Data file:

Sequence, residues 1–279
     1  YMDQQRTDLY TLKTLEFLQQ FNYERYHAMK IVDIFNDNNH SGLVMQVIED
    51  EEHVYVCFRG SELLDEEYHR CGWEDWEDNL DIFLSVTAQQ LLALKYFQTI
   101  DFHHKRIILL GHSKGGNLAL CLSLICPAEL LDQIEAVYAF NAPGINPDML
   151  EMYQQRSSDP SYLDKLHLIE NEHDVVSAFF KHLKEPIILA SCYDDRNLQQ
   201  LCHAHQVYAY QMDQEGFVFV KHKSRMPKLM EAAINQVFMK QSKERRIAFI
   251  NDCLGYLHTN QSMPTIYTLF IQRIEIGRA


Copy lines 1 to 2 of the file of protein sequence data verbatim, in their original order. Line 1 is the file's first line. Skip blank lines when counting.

Sequence, residues 1–279
     1  YMDQQRTDLY TLKTLEFLQQ FNYERYHAMK IVDIFNDNNH SGLVMQVIED